The various themes above that may seem scattered and disparate all stem from my original Karen field site. How has the contact point between the peripheral world in the mountains and the modern world been widening? How have the hills transformed as they are encompassed by the state and the market? I have pursued these questions through the lens of religion, citizenship, forest rights, tourism, family, ethnicity, and so on. Up to this point in the interview, I have referred to “Karen” as a fixed category. As long as I stayed in the village, this category was never questioned. However, as my research spread out over wider areas and times, I not only found commonalities, but also significant differences among the Karen on the two sides of the border in the Thai and Burmese states respectively. There were differences in the language, such as vocabulary and pronunciation, in the cultural traditions, and, most strikingly, in the positioning and historical evolution of the Karen. Some have engaged in armed conflicts, joined forest rights campaigns, or claimed their cultural heritage as an ethnic group. What, then, does it mean to talk about Karen as if a single category exists? Who are “the Karen”? I have continued to consciously ask this question, constantly aware that who the Karen are today is an outcome of historical processes.11

As researchers, we tend to bring in or apply frameworks and narratives that are far removed from the daily lives of the people involved. By questioning the relevance of these narratives and concepts from different perspectives, especially of those who are vulnerable, we strive to gain new insights. These should then be considered within the dynamics of macro institutions and processes within the regional and larger contexts. Throughout, we must remain aware of how we, as researchers, participate in the alignments of power.

2. Connections in the field

──Please tell us about your encounters with Thailand and the Karen people. Are there particularly memorable words that you recall from people in the research sites?

It has been 36 years since I first visited the village. It is something like a base for my anthropological thinking. Whenever I want to launch a new topic, I start by going to the village and talking to the people there. In daily life in Japan too, I often wonder what villagers would do in certain situations. Those who were still young children during my earliest research now have their own adolescent children, or even grandchildren, while the adults who had helped me then have now reached old age. I plan to visit this February for the wedding of a grandchild from my host family. The bride-to-be studied Chinese at a university in Chiang Mai, went on to study in China, and is now teaching Chinese at a private school. She says she will come visit me in Japan. When I think back to when I started my research, it feels like a world apart. Women travel far more easily now, and in many ways we have grown closer. Whenever I leave the village, my host father says, I think maybe more than half-seriously, “Next time you come, stay longer. We’ll build you a house in the village.”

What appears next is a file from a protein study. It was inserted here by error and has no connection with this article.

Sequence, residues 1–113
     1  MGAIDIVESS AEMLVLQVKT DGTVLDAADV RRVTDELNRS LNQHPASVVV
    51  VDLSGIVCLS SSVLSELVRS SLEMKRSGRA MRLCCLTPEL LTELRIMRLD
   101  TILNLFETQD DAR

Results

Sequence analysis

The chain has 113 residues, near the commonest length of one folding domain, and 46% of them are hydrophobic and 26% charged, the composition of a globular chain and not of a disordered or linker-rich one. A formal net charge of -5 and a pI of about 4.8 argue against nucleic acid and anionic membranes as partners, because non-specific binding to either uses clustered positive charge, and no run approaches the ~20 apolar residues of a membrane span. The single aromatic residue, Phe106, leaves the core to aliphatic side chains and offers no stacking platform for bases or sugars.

──In one memorable episode, you were so engrossed in your research that you forgot to call your family at home and were summoned through a radio broadcast. Can you tell us a little more about that incident?

Nowadays, most villagers have mobile phones to maintain daily contact with family members in the city or elsewhere. But at the time of my earliest research, there was no electricity, running water, or telephone lines in the village. During my first long stay in the village, I came down from the hills to the city every month to go to the post office to make international calls to my family in Japan. One time, I had to delay this monthly call due to a series of rituals and other events that I wanted to attend in the village. At the time, there was a radio station in Chiang Mai that broadcast programs in each of the hill languages twice a day throughout Northern Thailand. Villagers used this program to announce wedding dates, funerals, and other events to distant relatives in different parts of the region. One day, I heard over this Karen language radio broadcast, the announcement: “Ms. Yoko from Japan, please contact your family.” Concerned for my well-being, my family had sought out this method to contact me through the radio station. At the time, there was at least one radio in every five households, so that day, wherever I went in the village, I was told, “Hey, I heard your family is worried about you.” Inevitably, the following day, I descended to the city. Considering that nowadays I can contact people in the village through SNS from Japan, the changes in the past 30 years have been tremendous.

──I was told that during your absence, villagers had dreamed of you. It is an episode that suggests your mutual consideration for each other. Please tell us about your relationship with people in the field.